Like search neutrality’s harshest critics might have predicted, The Creepy Line could describe examples of bias, but struggled to explain what ideologically unbiased search results would look like. When I spoke to one of its subjects, longtime Google critic Dr. Robert Epstein, he suggested making Google deliberately devote “equal time” to positive and negative results involving political candidates — effectively, Google shall make all viewpoints appear first.
Raff says search neutrality could theoretically apply to politics; if Google manually demoted the conservative news outlet Breitbart for political reasons alone, she explains, that would violate the principle. (“I’m reasonably confident that no one at Google is doing that,” she says.) But it would be “absolutely acceptable” to down-rank it for being untrustworthy or otherwise low-quality, as long as the search algorithm applied those rules consistently to all sites.
According to leaked discussions, Google employees have weighed the possibility of making “opinion blogs” including Breitbart less prominent than more traditional media outlets. But these ideas appear to have been shot down, and Google has resisted publicly changing politically charged search results, even when they’re downright factually unhelpful. In 2016, it initially refused to intervene when the first result for “did the Holocaust happen” was a page called “Top 10 reasons why the Holocaust didn’t happen,” only reversing course after extensive public shaming.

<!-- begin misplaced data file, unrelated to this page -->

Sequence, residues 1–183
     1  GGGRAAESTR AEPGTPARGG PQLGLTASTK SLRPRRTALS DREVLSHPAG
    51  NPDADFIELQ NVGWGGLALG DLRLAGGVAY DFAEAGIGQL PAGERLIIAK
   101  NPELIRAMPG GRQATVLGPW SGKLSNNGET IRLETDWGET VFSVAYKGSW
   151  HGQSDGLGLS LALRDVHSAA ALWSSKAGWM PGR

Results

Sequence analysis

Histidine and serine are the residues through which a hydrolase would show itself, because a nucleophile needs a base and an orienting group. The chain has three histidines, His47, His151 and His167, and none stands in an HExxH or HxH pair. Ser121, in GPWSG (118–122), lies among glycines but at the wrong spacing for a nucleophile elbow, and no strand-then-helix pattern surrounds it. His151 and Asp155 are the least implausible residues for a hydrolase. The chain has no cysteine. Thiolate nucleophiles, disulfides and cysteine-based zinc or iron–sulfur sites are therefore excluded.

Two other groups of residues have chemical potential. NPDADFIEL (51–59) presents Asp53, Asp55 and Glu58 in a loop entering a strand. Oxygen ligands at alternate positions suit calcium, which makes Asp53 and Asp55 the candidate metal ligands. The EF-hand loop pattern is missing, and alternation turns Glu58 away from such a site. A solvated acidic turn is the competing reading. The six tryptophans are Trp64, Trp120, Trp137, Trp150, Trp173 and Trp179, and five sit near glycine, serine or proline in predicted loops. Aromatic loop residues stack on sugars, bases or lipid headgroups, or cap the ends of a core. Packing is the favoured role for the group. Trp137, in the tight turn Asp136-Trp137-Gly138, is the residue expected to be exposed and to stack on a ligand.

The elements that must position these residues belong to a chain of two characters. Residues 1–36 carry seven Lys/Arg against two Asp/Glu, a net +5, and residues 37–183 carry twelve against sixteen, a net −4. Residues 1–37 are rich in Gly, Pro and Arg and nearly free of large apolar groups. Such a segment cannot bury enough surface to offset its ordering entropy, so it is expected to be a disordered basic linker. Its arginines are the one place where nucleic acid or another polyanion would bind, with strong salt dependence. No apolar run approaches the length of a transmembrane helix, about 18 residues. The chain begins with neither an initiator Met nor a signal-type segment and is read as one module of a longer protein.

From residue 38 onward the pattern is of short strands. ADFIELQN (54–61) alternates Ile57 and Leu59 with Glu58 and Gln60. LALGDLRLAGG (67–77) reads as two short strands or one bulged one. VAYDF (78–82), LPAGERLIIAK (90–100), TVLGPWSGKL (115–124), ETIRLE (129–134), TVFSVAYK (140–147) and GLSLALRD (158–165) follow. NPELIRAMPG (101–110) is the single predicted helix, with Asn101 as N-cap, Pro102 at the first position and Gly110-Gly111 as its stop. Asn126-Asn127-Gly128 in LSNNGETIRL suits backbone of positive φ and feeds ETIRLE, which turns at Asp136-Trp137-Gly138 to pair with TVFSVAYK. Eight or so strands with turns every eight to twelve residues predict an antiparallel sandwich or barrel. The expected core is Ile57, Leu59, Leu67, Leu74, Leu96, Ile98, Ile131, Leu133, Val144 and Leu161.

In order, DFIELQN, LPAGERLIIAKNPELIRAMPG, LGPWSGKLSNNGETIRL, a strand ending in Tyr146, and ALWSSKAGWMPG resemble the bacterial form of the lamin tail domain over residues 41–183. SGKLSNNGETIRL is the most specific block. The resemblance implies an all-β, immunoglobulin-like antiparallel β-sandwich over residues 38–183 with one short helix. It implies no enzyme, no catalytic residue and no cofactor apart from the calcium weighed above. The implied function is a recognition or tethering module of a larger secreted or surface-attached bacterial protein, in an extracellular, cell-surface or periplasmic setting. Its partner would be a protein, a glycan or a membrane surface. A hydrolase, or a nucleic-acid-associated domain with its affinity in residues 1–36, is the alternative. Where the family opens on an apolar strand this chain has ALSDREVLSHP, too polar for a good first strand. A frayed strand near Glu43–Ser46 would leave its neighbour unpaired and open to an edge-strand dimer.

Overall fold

An automated search system doesn’t necessarily produce neutral-looking answers, and it’s trained on distinctly biased human input. In 2006, for instance, Amazon’s search system asked users who searched for “abortion” if they’d meant to type “adoption.” According to Amazon, the algorithm had noticed that many people seeking abortion resources often looked up adoption, too, while lots of other people were solely interested in adoption. Amazon manually removed the suggestion, overriding a political statement that was obvious to a human, but meaningless to a machine.